Local Current Blog

Papa Mbye can’t stop creating, drops mournful EP ‘Mang Fi’ on Sept. 3

A young Black mang with chin-length dreads stands in front of orange elevator doors. He's wearing a white tee with a green-and-orange illustration. Underneath the tee, he's wearing a green-and-yellow-striped long-sleeved shirt.
Papa Mbye (Photo by Braden Lee)

All artists are creative. But Papa Mbye, a North Minneapolis rapper, singer, and producer, has a creative appetite that few can match.

Talk to Mbye (pronounced “ehm-bay”) and his collaborators, and it becomes clear the 22-year-old multidisciplinary artist — who, as a teenager, used to caricature passersby in the park as both an outlet and hustle — is prone to compulsive, relentless urges to express himself, whether that’s via drawing, making short films, or, increasingly, creating music.

Producer Ben Farmer has witnessed it: Mbye might roll out of bed, rub the sleep out of his eyes, and immediately practice guitar for the next couple hours. Or, you could go out to eat with him some night, and he’s liable to lean over his phone and start making a beat. Things like that. 

“One thing I really enjoy about working with Papa is he’s obviously a very open and creative person,” Farmer says. “He’s always down to explore ideas and see what they sound like, but then he’s also got a pretty good idea of what he wants. And he’s just a fun person to be around.”

Mbye is fairly new to music, citing a 2019 house-show performance as a spark. “It was called Aquarius Fest, my homie’s birthday show,” Mbye says. “It was pretty packed with kids from Como and the U … I thought it would be cool to perform. We went on [to] throw more shows, and I’d keep coming up with songs.”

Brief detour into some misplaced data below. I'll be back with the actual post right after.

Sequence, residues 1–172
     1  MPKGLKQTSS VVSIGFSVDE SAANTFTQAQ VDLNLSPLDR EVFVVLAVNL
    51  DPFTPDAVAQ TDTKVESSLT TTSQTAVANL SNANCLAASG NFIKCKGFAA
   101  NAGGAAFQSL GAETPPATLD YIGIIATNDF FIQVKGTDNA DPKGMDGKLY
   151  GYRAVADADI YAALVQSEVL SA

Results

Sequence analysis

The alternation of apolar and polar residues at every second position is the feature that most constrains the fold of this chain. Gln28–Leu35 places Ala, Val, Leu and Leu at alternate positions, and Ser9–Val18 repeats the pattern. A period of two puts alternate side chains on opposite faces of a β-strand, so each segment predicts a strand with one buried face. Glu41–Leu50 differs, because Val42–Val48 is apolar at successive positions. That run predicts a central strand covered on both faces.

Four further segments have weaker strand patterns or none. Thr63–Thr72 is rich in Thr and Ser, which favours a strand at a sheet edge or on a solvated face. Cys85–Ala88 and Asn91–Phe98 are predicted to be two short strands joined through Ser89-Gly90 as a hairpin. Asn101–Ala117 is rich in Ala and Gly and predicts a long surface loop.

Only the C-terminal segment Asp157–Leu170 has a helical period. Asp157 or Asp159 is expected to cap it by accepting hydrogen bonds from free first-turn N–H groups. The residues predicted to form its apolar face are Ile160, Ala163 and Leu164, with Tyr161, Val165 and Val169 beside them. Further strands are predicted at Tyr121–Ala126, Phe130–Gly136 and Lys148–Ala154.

The sound he’s since developed is eclectic to say the least, drawing on a lifetime of listening that began with Senegalese artists like Youssou N’Dour and N’dongo Lo, then continuing with infatuations of Michael Jackson, Kanye West (particularly the 2008 album 808s & Heartbreak, which inspired Mbye to sing), and Twin Cities collective thestand4rd (Corbin, Allan Kingdom, Psymun, and Bobby Raps), whom he discovered while attending Robbinsdale Armstrong High School. 

Maybe more formative than any other musical inspiration, though, was when Mbye first heard the generation-defining R&B singer Frank Ocean’s long-gestating but instant classic 2016 album, Blonde. “That really made me want to make music for real,” Mbye says. “I did not want to make music unless it made people feel how that made me feel.”

The title of Mbye’s first EP, out Sept. 3, is Mang Fi. In Wolof, the language most commonly spoken in Senegal, it translates to “I’m here.” Mbye was born in and spent the first two years of his life in Gambia and Senegal before moving to Minneapolis. Although he has no memory of those early years, he did return to the West African region for two weeks when he was eight during winter break from school. “I remember really loving it,” he says of the trip.

Mbye dedicated Mang Fi to loved ones including his late cousin and fellow immigrant Abdoulaye Nene Cisse. The opening track, “WEB(si)+e,” was inspired by mournful, reminiscent visits to Cisse’s Facebook page after his death. “Wide awake on your bedside, wide awake on your website,” Mbye sings. “Talk to me one more time.” His grief shows through the digital processing of his voice.

Managed by the independent company Against Giants (whose clientele also includes Twin Cities artists Dua Saleh, Psymun, and Alec Ness), Mbye worked heavily with the aforementioned Farmer and producer Zak Khan on Mang Fi. Farmer notes that, despite Mbye’s quick traction in the music scene, he isn’t necessarily a “natural.” But Farmer means it in the best way. He praises Mbye’s determination and work ethic, which were apparent from the moment Mbye started asking him questions about the digital audio workstation Ableton. “His drive to get better is really cool to see,” Farmer says.

“Every step [of making Mang Fi] was truly a journey and forced me to be comfortable with my skin, my thoughts and words,” Mbye says, while Khan notes, “We didn’t really plan the project; it kind of just came together.” As electronic-based and effects-heavy as it is, Mang Fi — which precedes Mbye’s opening slot for Minneapolis artist Miloe’s show at 7th St Entry on Sept. 9 — still sounds organic and deeply human. It’s an exciting introduction to a new voice who will undoubtedly find a lot more to say in the future.